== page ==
Out of curiosity I did a search of average salary of a Lecturer and Assistant Professor in the UK on indeed. There was a significant difference in the average salary for the two positions.

What I do not understand is that in the UK a Lecturer position is equivalent to an Assistant Professor position in the USA, so, how come there's such a big gap in salary for these two positions in the UK?

Shouldn't Lecturer position be the same as the Assistant Professor in the UK as well?

Average Lecturer salary in United Kingdom: https://uk.indeed.com/career/lecturer/salaries?from=top_sb

Average Assistant Professor salary in United Kingdom: https://uk.indeed.com/career/assistant-professor/salaries?from=top_sb

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    I believe this is a perverse selection effect - the "Assistant Professor" title is used in the UK only by a few top universities who want to copy US standards with respect to titles (and perhaps get around union negotiated salaries) - naturally top universities pay more than average. Jan 15 at 21:44
  • Makes sense but the difference in average salary is huge. Almost 35% increase from a Lecturer's. That doesn't make sense.
    – Somdip Dey
    Jan 15 at 21:48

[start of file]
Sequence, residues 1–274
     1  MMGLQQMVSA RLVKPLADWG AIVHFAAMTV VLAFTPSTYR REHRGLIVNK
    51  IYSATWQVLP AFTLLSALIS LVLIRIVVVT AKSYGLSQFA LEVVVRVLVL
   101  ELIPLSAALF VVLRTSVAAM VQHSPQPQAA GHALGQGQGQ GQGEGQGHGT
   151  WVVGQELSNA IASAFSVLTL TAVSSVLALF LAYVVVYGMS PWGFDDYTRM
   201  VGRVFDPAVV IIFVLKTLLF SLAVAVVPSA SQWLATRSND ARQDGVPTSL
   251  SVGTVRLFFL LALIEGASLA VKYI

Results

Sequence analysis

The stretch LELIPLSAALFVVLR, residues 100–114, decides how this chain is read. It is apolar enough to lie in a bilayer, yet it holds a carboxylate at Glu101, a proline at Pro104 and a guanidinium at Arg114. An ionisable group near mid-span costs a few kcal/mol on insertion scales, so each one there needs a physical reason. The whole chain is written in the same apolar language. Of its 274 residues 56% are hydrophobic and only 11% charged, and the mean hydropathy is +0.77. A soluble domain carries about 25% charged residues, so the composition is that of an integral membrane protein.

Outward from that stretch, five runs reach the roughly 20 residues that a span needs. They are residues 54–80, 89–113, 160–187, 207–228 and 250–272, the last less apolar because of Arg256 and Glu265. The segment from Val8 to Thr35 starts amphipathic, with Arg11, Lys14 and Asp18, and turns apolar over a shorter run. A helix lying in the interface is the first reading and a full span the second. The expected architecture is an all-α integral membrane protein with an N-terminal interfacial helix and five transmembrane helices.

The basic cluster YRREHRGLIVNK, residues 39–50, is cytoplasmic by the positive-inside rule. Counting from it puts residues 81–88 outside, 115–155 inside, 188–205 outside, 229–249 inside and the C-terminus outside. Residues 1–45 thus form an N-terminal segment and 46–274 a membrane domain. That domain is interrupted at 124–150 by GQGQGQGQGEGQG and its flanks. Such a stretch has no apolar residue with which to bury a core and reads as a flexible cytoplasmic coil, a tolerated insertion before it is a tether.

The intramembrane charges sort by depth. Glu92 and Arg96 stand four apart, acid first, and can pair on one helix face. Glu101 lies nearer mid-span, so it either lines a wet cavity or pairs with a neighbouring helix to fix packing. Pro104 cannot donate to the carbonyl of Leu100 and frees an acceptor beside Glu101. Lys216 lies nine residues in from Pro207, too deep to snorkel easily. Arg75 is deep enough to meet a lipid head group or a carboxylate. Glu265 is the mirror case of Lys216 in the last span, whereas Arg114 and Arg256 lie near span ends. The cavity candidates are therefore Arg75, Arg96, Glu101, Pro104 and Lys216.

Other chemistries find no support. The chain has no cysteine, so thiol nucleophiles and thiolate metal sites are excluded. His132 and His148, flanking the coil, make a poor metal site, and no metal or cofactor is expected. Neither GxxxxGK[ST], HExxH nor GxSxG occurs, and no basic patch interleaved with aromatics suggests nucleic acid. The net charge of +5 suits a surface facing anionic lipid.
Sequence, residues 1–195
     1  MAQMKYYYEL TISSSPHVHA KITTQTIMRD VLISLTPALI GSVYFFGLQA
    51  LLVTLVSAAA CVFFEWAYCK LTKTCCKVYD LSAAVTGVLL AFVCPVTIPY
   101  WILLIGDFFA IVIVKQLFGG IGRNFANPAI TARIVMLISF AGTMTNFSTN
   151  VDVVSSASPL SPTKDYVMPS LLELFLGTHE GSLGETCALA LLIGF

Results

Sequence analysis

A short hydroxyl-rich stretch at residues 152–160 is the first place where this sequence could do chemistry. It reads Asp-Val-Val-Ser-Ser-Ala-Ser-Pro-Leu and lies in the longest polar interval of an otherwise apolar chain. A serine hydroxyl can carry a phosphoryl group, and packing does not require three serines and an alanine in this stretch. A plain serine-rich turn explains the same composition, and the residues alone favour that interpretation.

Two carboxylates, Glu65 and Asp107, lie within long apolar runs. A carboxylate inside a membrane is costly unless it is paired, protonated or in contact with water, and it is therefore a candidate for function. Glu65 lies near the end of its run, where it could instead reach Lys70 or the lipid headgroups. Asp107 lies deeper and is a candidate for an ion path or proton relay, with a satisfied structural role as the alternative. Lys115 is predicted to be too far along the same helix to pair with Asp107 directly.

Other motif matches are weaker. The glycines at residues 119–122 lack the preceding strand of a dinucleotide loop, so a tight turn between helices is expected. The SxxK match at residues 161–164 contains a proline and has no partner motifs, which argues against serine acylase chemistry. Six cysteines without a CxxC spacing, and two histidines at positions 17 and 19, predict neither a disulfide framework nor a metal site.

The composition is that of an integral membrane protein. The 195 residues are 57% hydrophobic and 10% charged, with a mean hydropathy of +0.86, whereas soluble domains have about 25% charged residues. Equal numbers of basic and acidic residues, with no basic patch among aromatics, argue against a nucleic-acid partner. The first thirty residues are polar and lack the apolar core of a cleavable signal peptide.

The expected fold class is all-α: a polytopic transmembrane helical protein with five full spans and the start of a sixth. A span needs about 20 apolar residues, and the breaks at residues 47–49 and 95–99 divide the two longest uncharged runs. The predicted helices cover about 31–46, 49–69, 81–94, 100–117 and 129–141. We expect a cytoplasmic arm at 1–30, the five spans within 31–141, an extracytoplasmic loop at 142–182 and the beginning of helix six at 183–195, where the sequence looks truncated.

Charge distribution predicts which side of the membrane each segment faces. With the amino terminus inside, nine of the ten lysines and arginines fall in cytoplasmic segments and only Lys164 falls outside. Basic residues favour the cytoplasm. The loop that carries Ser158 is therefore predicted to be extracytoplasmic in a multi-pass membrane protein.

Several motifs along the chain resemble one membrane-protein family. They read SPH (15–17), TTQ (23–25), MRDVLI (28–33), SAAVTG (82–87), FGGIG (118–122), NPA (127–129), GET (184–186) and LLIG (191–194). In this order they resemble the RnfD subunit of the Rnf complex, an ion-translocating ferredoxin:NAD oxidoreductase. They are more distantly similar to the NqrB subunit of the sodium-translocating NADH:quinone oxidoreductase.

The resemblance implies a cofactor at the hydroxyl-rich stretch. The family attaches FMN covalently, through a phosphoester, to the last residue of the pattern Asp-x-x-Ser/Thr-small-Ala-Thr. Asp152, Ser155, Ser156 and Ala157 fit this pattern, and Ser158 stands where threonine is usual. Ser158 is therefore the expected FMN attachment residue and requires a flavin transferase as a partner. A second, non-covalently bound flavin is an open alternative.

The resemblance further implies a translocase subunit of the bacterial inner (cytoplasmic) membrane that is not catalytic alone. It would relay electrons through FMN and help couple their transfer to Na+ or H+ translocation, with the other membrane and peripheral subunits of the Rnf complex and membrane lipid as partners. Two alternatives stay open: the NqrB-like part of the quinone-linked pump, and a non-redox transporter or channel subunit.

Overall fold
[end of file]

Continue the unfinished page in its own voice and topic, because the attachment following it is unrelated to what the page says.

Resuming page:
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    In the US, an assistant professor at MIT probably gets paid more than double an assistant professor at Berea - so variation between universities is huge. Jan 15 at 21:51
  • Location, stature, demand, and other factors determine salary. It's extremely hard to compare within the US much less between the US and another country. This doesn't even include positions listed as lecturer that are visiting assistant professor or assistant professor positions under a different name. Jan 15 at 22:07
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    If you look at the "top companies for lecturers in the UK" only one of them is actually a university. It seems to me that Indeed is including various employers, like professional training companies, and secondary colleges (that teach kids 16-18 years old) that use the title "Lecturer" in its calculation. Jan 15 at 22:20

1 Answer 1


Firstly, note that not all jobs in the UK with the title "Lecturer" will be at universities. Many further education colleges (which mostly teach teenagers, between 16-18) use the job title lecturer, as do several private training companies. I'm pretty confident that no one in the UK works as a university lecture and is only paid £34k. But there could be another reason for the difference:

UK academia pays people on a single pay spine, nationwide (except, oddly, for Imperial College). This is divided into approximate 50 pay points (I think). Universities may decide which points on that pay spine relate to which jobs. That said, there isn't that much in the variation between universities of a similar class (except Imperial).

The job title "Assistant Professor" is new to the UK, although an increasing number of universities are using it (Including Oxford, Warwick, Leeds etc). At the universities that have changed over, it was a direct substitution for the title Lecturer (everyone who was Lecturer became assistant professor).